China’s stock market is always subject to official intervention, so the signals need to be interpreted carefully. However, there are two new red flags in our equity sector model, relating to Technology and Financials. Technology has suddenly started to deteriorate, which has historically been a good lead indicator for the US Tech sector. Financials are heading for a multi-year low relative to the index, which could have important implications for China’s FX policy regime.

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Income in Dollars, Please

Friday, April 17th, 2020

Time to look at European Energy equities

Generating an adequate income from euro-denominated bonds is next to impossible, so investors should abandon the attempt. They should embrace currency risk – not try to hedge it away. They should enjoy the fact that US dollar yields are structurally higher than those in the Eurozone. This means owning long-dated Treasuries and dollar-denominated EM sovereign bonds. Finally, they should consider the source currency of their equity dividends and take another look at the Energy sector.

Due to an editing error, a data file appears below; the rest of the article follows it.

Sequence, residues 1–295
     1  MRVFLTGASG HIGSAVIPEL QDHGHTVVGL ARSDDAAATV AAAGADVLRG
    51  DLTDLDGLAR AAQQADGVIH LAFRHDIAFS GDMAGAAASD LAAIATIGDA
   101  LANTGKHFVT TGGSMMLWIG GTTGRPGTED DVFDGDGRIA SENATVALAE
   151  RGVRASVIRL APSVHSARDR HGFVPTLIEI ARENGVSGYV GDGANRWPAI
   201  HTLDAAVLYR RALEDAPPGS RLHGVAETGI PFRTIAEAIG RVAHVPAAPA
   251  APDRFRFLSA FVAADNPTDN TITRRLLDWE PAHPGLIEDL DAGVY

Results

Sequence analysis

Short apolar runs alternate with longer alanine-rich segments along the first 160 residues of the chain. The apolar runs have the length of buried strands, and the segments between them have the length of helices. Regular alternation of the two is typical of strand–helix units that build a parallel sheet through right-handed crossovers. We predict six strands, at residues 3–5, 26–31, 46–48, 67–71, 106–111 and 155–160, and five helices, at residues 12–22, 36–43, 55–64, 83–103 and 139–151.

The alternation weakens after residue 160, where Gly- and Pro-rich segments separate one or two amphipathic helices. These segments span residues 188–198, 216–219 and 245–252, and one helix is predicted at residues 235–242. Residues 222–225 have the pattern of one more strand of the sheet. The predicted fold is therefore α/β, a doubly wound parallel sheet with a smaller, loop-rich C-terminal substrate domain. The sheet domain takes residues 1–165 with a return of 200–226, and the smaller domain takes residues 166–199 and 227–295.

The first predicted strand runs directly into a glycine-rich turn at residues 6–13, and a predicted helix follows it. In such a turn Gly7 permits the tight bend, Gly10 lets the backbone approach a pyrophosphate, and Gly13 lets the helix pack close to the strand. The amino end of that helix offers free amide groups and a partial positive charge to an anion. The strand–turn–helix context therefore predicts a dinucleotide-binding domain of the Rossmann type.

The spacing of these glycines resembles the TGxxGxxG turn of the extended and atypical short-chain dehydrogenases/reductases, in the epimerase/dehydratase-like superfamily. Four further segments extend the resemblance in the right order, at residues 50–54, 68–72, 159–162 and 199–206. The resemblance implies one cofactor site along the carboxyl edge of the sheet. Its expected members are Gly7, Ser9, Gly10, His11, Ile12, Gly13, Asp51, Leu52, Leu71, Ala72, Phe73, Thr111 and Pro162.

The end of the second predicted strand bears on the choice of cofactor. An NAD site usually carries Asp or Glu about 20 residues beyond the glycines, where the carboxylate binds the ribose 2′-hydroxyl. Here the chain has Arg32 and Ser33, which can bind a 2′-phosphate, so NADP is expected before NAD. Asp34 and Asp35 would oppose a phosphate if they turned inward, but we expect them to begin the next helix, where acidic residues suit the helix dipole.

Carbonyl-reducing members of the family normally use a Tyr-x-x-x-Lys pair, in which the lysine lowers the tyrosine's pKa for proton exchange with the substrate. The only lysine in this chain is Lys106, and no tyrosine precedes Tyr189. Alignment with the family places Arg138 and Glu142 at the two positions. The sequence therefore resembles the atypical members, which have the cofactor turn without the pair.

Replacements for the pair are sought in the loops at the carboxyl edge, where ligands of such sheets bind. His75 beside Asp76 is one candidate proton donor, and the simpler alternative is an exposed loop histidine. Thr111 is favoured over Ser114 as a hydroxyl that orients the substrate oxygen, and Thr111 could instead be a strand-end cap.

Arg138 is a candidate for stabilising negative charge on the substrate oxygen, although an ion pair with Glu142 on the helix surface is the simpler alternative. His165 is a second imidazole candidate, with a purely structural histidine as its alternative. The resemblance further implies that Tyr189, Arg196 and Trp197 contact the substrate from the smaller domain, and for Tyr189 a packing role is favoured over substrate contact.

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Show Me the Damage

Thursday, May 16th, 2019

EM equity weakness may cause FX volatility to surge

So far, most of the damage inflicted by US/China trade tensions has been on EM Equities. Our models suggest they peaked over a month ago and there is no support until we get well into underweight territory. The danger is that equity weakness turns into FX volatility, affecting EMs and DMs. We know this is always dangerous for risk assets in general.